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Lines from Henry Wadsworth Longfellow's poem are read at the end of the film. The film contains only Indian characters, but several reviews complained that the film's portrayals were inauthentic. The Los Angeles Catholic newspaper The Tidings complained that the film "presents Hollywood Boulevard Indians, who, despite marked physical and historical attributes, never pass for redskin braves," and Los Angeles Examiner criticized the stilted dialogue and commented that "makeup for the virtually non-Indian cast is applied too heavily and is obvious in the color film." Hiawatha was actor Vince Edwards' first major film role. According to Christian Science Monitor, producer Walter Mirisch prepared the original outline for the film. Location shooting was done at Bass Lake in California, and, according to an April 1952 Hollywood Reporter news item, in Missoula, MO. A June 1952 Hollywood Reporter news item adds Tony Russell to the cast, but his appearance in the final film has not been confirmed.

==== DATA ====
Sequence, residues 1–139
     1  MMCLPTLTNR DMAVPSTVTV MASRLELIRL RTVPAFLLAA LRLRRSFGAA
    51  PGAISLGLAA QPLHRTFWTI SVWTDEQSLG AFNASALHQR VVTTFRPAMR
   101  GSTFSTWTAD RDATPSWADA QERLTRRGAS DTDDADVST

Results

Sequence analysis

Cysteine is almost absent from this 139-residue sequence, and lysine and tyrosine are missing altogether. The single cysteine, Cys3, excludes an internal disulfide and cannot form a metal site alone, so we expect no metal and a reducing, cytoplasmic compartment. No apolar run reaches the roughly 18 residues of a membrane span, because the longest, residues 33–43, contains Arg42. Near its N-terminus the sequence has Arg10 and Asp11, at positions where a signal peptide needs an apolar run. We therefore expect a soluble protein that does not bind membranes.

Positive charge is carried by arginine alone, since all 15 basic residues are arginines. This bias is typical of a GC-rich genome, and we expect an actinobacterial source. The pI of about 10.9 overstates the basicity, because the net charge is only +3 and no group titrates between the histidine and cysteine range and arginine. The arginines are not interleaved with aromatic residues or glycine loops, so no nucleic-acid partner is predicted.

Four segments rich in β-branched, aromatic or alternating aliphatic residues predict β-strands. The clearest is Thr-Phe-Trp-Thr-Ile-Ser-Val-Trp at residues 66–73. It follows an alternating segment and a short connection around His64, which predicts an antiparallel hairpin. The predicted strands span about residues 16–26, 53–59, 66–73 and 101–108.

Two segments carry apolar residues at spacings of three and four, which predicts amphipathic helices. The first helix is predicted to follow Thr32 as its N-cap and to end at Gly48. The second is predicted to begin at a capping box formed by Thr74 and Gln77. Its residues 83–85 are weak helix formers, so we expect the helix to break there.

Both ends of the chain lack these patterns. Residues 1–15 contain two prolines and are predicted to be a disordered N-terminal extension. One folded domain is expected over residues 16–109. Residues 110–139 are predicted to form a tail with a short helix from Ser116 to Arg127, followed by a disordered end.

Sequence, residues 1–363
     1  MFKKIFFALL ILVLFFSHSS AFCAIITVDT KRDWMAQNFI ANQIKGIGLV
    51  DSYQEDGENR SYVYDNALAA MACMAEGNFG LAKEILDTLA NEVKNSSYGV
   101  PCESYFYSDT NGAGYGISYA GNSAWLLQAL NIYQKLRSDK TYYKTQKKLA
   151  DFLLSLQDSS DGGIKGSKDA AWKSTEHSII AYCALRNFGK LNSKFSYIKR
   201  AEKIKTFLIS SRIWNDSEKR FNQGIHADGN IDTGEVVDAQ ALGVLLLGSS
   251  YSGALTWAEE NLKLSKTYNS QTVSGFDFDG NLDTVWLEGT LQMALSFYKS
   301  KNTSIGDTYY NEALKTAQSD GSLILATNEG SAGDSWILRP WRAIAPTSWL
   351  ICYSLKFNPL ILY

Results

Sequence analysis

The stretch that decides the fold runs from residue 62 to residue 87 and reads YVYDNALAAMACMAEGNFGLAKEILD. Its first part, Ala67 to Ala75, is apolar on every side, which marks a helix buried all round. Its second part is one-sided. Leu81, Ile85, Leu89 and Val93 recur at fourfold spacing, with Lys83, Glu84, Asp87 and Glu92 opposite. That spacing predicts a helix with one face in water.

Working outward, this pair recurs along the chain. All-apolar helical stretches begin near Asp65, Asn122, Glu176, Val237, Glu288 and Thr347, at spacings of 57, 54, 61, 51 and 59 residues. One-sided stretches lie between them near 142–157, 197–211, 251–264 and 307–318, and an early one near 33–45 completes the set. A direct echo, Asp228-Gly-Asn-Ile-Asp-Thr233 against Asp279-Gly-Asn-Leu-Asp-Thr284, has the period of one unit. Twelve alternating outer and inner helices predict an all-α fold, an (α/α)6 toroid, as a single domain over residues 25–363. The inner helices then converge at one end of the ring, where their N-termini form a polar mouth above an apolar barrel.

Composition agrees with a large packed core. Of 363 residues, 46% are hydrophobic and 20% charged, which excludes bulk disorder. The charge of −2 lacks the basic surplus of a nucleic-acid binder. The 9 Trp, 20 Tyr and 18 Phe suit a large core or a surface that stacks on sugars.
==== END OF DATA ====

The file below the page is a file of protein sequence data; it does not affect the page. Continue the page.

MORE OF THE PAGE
In September 1950, according to Time, Monogram announced that the project was being shelved, as the pacifism advocated by the character "Hiawatha" was "too close, for current U.S. taste, to the Communist 'peace' line." Monogram president Steve Broidy, quoted in Los Angeles Daily News, stated, "Because of the tremendous influence that the motion picture industry exerts internationally, producers are being extremely cautious in preventing any subject matter to [sic] reach the screen which might possibly be interpreted as Communistic propaganda to [sic] even the slightest degree. The Hiawatha screenplay, written by a scenarist (Arthur Strawn) whose Americanism is unquestioned, still left us with the feeling that Communistic elements might conceivably misinterpret the theme of our picture, despite its American origin, and that is why we have postponed its production."
In January 1951, the film was put back on the production roster. At that time, president Broidy, as quoted in Variety, explained that "the avalanche of editorial comment which greeted our announcement convinced us unquestionably that the American public would not be dupes for any Communist line, and that our Hiawatha picture could only serve the highest ends of education and entertainment." Another screen adaptation of Longfellow's poem was produced in 1913 by Frank E. Moore, and featured an all-Indian cast. For more information on that film, see entry for Hiawatha in AFI Catalog of Feature Films, 1911-20.